Motor coordination problems and psychological distress in young adults: A test of the Environmental Stress Hypothesis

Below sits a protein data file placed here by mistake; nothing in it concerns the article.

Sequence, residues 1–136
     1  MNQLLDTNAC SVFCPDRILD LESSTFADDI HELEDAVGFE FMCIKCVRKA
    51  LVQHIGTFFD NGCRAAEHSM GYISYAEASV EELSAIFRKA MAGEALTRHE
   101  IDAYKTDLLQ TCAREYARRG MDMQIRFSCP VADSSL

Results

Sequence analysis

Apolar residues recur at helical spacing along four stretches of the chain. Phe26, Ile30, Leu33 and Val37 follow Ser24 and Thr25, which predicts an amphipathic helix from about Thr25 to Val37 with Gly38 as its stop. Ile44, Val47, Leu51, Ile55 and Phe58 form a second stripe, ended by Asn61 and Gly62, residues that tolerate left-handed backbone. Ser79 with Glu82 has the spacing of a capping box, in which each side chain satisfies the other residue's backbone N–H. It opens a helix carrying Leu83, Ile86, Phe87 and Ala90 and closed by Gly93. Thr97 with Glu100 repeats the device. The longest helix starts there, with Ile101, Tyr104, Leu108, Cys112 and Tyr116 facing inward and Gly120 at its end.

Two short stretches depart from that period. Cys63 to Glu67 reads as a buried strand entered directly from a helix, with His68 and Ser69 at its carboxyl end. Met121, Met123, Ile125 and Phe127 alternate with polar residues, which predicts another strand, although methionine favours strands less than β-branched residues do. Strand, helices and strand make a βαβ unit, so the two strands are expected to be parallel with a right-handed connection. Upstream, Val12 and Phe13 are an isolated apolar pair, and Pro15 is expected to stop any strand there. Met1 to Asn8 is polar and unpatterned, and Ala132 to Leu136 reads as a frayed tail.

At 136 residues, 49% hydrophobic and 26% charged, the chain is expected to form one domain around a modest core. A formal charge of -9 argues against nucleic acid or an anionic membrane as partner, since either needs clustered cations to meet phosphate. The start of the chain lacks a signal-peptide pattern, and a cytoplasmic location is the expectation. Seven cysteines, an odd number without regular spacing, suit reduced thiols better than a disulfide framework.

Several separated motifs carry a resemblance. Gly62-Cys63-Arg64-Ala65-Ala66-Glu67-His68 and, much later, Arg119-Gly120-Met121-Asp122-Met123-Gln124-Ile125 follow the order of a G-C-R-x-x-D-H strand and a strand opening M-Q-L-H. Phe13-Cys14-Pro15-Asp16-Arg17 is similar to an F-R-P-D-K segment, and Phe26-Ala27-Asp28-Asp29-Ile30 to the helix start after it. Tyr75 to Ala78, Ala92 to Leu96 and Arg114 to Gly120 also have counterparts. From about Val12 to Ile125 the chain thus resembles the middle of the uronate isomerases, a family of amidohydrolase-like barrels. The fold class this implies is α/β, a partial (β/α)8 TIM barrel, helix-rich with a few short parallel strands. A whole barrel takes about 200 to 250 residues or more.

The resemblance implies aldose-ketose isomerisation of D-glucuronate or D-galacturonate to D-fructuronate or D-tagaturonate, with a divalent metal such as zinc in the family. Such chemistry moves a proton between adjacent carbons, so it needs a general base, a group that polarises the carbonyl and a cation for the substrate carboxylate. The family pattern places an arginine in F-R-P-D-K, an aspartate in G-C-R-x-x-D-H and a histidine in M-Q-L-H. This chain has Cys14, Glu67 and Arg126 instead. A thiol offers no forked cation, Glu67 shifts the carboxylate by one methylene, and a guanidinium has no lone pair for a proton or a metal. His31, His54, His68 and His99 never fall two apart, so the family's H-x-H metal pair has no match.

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BACKGROUND AND AIMS: The Environmental Stress Hypothesis (ESH) has been used to examine how the relationship between poor motor coordination and psychological distress is affected by physical health and psychosocial factors. However, work applying the ESH is still limited, and no studies have used this framework with adults. The current investigation aims to examine the association between motor coordination and psychological distress among emerging adults, and examine potential mediators to this relationship based on the ESH. METHODS: 225 young adults aged 17-23 years completed a survey of motor coordination, physical activity, secondary stressors (i.e., general stress and global relationships), perceived social support, self-concept, and psychological distress. Structural equation modeling was conducted to examine mediating pathways and overall model fit. RESULTS: The final model of the ESH showed good model fit (x2 = 83.24, p < .01; RMSEA=0.056; NNFI = 0.927; CFI = 0.954; GFI = 0.947), and indicated that the relationship between poor motor coordination and psychological distress was mediated by secondary stressors, perceived social support, and self-concept. CONCLUSIONS: This study highlights the effect of poor motor coordination on psychological distress in young adults, and suggests that interventions should target psychosocial well-being, in addition to motor coordination, to prevent psychological distress.
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